Regulations under the Act
The Indian Act was designed to address “the Indian problem” by singling out a segment of society, largely on the basis of race, removing much of their land and property from the commercial mainstream, and giving the Minister of Indigenous Services Canada and other government officials a degree of discretion that is not only intrusive but frequently offensive.
“We all want to move beyond the Indian Act’s control and reconstitute ourselves as Indigenous peoples and Nations with fundamental inherent rights”
—Assembly of First Nations National Chief Perry Bellegarde
According to the Act, First Nations people (Indians) were deemed not to be people. Right up until 1951, the definition of a person was defined in the statute as an individual other than an Indian. The Indian Act did provide that Indians could become persons by voluntarily enfranchising (giving up their status) and, in many circumstances, they were involuntarily enfranchised by the Act.
Some ways that enfranchisement could happen were by serving with the Canadian Armed forces, attaining post-secondary education, or for a First Nations woman to marry a non-First Nations man.
Restriction of Freedoms
The Indian Act placed in the hands of the federal government complete control over First Nations politics, finance, culture, and personal lives. Ceremonies like the potlatch and the Sun Dance that had been practiced for thousands of years were outlawed and forbidden. In 1914, the Act barred the wearing of Aboriginal costume in any dance, show, exhibition, stampede or pageant, unless the Minister approved. The possession of totem poles, grave houses, or even a rock embellished with paintings or carvings was forbidden, unless the Minister approved.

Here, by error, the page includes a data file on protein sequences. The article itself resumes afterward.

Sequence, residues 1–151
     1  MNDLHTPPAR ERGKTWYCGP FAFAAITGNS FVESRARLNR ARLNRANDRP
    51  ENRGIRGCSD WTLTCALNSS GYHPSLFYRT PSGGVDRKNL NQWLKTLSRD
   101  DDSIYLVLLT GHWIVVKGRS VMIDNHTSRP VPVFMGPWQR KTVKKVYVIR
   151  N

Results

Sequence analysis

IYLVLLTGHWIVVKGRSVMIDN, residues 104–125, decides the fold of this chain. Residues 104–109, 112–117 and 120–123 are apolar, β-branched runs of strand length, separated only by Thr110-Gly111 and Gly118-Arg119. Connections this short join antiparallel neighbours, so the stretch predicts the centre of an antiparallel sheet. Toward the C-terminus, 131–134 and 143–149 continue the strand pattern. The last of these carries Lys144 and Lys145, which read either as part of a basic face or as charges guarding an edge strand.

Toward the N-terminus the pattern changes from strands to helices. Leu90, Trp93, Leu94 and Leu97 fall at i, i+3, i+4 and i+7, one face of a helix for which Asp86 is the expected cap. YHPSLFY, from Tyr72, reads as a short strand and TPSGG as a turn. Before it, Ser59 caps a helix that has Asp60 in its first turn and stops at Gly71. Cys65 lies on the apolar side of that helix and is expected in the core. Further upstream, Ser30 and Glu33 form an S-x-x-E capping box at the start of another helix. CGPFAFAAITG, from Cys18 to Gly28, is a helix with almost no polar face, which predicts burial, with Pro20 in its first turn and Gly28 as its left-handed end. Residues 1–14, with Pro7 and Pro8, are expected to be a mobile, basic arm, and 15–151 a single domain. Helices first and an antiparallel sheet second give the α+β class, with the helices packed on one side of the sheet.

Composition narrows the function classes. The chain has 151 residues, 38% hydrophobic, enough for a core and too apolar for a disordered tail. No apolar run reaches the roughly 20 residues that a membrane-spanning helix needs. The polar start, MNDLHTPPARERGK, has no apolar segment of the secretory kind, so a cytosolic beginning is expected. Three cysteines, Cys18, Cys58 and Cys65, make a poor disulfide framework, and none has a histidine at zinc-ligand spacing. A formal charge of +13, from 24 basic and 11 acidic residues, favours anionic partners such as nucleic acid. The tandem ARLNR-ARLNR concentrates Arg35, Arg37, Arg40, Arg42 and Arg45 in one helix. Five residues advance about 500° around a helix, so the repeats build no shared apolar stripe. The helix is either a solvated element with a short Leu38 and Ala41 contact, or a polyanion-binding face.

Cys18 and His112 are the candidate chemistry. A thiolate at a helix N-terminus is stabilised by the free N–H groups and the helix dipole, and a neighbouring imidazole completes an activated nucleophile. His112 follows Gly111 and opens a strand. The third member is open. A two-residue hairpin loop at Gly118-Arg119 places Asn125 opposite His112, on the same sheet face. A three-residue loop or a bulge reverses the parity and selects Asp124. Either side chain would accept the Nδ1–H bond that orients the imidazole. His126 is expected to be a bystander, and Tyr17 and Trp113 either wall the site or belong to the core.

People were not permitted to move about freely, if they did so they could be jailed or fined if, for example, they were deemed to linger in pool halls.
The authority of the Crown even extended to an individual’s Last Will and Testament. A Will could be declared to be void if, in the opinion of the authorities, it was deemed to be unsuitable, inequitable, inferior, unsound, invalid, anything at all.
The Indian Act created Residential Schools and forced a new form of education on First Nations peoples. The decades long strategy of 130 government-funded Residential Schools was to kill the Indian in the child. Under the Act, more than 150,000 children were legally shipped off to institutions where they would have their hair cut, their language killed, their relationships with family and community severed, their sense of belonging destroyed, and their physical, emotional, mental and spiritual health compromised. The Indian Act did provide in minute detail for punishment and consequences. For example when deemed to be Truant, the child could be apprehended and conveyed to school, using as much force as the circumstances require. The Act did not provide for love, support, respect, and caring.
The last of the Residential Schools did not close until 1996. Today, there are an estimated 80,000 former students still living and the catastrophic impacts of the Residential Schools have been, and will continue to be, felt for generations. See Plain Talk 6, Residential Schools.
The Indian Act did not allow First Nations people to own land. Over time, measures originally intended to protect the land base were changed to open up reserve lands for farming, settlement, and other purposes by non-First Nations people. The Act set down whether and how land should be cultivated or not cultivated, and whether and how people could buy and sell livestock. It decreed whether and where and how roads should be built and maintained, and where the roads should go, and how fast or slow people could travel on these roads, and even where they could park.